The 58-year-old Peters software salesman took up ballroom dancing a couple of years ago. He had lost his wife to cancer several years before and wanted not only to stay fit but also to find a social outlet. Dancing seemed a logical choice. He remembered as a child his grandmother always dancing — and always laughing.
After becoming a regular at the Arthur Murray dance studio in the South Hills, Shepherd slimmed down and quickly regained strength and balance following knee surgery (for an injury he attributes to 25 years of running). He met a wonderful partner. And there’s a good chance that he’ll avoid the mental decline that often comes with age. Regular ballroom dancing — not the demanding 10-weeks of training that celebrities go through for TV ratings, but rather the social, informal kind — is the only known physical activity to possibly protect against dementia. A review of the physical benefits of dancing for healthy older adults from the Journal of Aging and Physical Activity offers a long list: improved aerobic power and lower-body muscle endurance, stronger bones, not to mention improved heart health. And by improving balance, dancing can help prevent falls — the leading cause of injury death among the elderly.
In the July 2010 journal, Frontiers in Aging Neuroscience, German researchers who compared elderly amateur dancers to non-dancers wrote that dance is a “prime candidate for the preservation of everyday life competence of elderly individuals… and maintaining a regular schedule of dancing into old age can preserve cognitive, motor and perceptual abilities.” Perhaps the most intriguing research findings about dancing come from a study led by the Albert Einstein College of Medicine in New York City and funded by the National Institute on Aging. It looked at the leisure habits of senior citizens, 75 and older, over a 21-year period starting in 1980. The researchers discovered that those who did certain cognitive activities — reading books, playing board games and playing a musical instrument — were less likely to develop dementia and Alzheimer’s disease. One of the study’s surprises was that none of the physical activities — like bicycling, swimming or walking — appeared to protect against dementia. The only exception was dancing. And doing it frequently had the greatest risk reduction for dementia compared to any activity studied, cognitive or physical. So what makes dancing so special? It may be that it combines physical, mental and social aspects, plus the medicinal effects of music.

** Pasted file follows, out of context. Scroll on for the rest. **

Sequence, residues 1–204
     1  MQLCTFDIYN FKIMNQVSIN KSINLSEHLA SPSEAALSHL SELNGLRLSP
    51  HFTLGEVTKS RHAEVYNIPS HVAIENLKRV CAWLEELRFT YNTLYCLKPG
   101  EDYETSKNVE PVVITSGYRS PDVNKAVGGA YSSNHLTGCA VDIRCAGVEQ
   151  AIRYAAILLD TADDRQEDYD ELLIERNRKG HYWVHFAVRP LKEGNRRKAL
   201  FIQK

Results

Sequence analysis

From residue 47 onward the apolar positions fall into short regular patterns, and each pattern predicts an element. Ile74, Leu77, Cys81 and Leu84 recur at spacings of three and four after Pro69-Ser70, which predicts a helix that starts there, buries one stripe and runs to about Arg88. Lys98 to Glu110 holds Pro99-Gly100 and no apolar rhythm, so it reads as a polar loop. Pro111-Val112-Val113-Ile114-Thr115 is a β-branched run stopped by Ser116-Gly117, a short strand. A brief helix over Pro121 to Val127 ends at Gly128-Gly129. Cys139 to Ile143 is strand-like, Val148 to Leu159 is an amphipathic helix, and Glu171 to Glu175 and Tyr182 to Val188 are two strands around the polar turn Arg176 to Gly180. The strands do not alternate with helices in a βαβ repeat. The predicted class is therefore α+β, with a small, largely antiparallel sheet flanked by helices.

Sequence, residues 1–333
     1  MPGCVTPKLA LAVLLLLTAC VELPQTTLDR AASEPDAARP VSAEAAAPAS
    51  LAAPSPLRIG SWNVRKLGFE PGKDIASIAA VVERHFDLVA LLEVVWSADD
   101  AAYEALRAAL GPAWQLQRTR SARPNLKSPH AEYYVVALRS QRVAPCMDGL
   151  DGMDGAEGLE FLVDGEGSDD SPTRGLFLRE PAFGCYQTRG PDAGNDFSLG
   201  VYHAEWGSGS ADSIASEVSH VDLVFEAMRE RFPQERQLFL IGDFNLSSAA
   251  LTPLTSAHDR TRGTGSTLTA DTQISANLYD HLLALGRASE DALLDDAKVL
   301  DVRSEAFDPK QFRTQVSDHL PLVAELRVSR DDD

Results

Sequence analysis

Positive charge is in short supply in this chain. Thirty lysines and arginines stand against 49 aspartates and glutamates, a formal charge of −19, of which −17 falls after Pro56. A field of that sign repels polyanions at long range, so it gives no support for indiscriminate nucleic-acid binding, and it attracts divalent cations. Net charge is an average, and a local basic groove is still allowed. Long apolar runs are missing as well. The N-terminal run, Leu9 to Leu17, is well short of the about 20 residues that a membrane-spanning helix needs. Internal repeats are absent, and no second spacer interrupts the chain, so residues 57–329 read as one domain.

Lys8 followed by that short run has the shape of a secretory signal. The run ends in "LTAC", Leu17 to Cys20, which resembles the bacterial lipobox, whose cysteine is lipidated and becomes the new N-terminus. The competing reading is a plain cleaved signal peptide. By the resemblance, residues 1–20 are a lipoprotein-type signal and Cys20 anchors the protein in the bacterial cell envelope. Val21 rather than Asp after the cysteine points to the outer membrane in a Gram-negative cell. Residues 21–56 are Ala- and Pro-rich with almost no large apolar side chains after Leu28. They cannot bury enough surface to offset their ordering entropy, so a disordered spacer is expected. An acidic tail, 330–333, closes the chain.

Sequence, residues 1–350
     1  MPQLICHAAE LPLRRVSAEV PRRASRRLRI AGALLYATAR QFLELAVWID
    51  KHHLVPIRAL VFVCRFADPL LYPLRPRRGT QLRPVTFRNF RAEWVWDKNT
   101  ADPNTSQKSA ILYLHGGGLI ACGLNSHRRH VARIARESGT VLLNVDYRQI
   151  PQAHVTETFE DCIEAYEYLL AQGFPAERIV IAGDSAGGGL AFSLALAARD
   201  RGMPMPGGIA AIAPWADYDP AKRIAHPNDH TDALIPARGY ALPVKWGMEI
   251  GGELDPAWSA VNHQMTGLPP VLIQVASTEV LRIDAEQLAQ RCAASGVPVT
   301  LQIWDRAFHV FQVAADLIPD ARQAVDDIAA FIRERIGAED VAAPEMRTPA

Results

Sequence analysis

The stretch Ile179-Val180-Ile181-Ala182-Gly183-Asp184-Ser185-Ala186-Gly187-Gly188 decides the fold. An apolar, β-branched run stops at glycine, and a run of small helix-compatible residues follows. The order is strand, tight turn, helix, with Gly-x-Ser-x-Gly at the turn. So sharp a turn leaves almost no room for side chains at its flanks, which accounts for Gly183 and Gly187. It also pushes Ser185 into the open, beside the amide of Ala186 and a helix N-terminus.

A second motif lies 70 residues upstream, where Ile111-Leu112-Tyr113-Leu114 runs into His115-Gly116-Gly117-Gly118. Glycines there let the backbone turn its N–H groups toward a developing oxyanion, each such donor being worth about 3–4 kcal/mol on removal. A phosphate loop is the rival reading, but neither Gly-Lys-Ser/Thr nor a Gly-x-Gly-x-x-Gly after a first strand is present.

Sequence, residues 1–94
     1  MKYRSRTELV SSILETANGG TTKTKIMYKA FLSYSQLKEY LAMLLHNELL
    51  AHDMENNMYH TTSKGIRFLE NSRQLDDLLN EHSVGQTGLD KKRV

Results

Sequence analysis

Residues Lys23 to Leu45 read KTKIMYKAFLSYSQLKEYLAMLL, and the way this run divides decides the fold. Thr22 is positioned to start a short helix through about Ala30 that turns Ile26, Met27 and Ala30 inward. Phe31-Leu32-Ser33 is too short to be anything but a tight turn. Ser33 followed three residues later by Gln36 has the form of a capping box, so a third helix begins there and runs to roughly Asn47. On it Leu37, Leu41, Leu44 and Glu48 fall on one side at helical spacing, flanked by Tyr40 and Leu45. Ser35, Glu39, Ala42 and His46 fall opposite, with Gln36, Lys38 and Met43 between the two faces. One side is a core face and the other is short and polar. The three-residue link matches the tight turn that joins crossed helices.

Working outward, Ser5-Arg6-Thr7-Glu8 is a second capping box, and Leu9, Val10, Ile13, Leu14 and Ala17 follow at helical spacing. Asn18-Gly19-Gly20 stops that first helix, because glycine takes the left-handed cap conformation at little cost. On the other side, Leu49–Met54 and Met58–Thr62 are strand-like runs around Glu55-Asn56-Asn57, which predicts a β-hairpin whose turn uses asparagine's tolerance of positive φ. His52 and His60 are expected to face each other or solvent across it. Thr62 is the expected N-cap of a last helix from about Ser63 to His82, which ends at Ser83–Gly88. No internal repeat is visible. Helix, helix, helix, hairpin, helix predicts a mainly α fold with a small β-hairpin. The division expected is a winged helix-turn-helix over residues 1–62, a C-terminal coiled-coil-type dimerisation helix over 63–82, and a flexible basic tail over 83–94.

Dancing is wired into the human brain; it’s why we unconsciously tap our feet or sway to a beat. Neuroscientists have recently put a spotlight of sorts on the human brain and have discovered that our “cerebellum… meets criteria for a good neural metronome” and that dance may have served as an early form of language, according to a 2008 Scientific American article titled “So You Think You Can Dance?: PET Scans Reveal Your Brain’s Inner Choreography.” The article discusses how researchers measured blood flow in the brains of amateur tango dancers as they listened to music and moved their legs as if performing certain dance steps.
The researchers saw activity in a region of the brain’s right hemisphere corresponding to an area in the left hemisphere that’s associated with speech production. The authors wrote, “This finding bolsters the theory… that language evolved initially as a gesture system before becoming vocal.” The study also gives credence to Arthur Murray’s decades-old marketing slogan, “If you can walk, we can teach you how to dance.”
Those who think they have “two left feet” may benefit even more from dancing. Learning something new and challenging helps the brain form new neural connections, which can serve as cognitive reserves later in life. Although the basic foxtrot, swing and waltz all look easygoing and fairly simple among regulars, “it requires a lot of split-second decision-making, in both the lead and follow roles,” according to Richard Powers, an instructor at Stanford University’s Dance Division.
Don Shepherd knows this mental rigor all too well: “Dancing really exercises your brain,” he says. “It makes my brain hurt sometimes … just trying to think about ‘What am I going to do next?’ and ‘Who am I going to run into?’”
Dancing is part of his long-term plan to avoid his father’s fate — having to take lots of prescription medicine. Like his grandmother (who lived to be 95, was always lucid, and only gave up dancing when her eyesight failed), he’ll keep dancing for as long as he is able, mostly because it’s fun. “Riding my bicycle and dancing,” he says, “that’s my idea of vacation.”
Want to dance? Several dance studios in the Pittsburgh area offer ballroom dance lessons, including a free first lesson. Carnegie Mellon University has a Ballroom Dance Club (cmubdc.org) that’s open to the public. And the USA Dance Pittsburgh chapter (usadancepgh.com) hosts regular Latin and ballroom dances. For a schedule of swing and blues dances (lessons before each dance) see pghdance.com.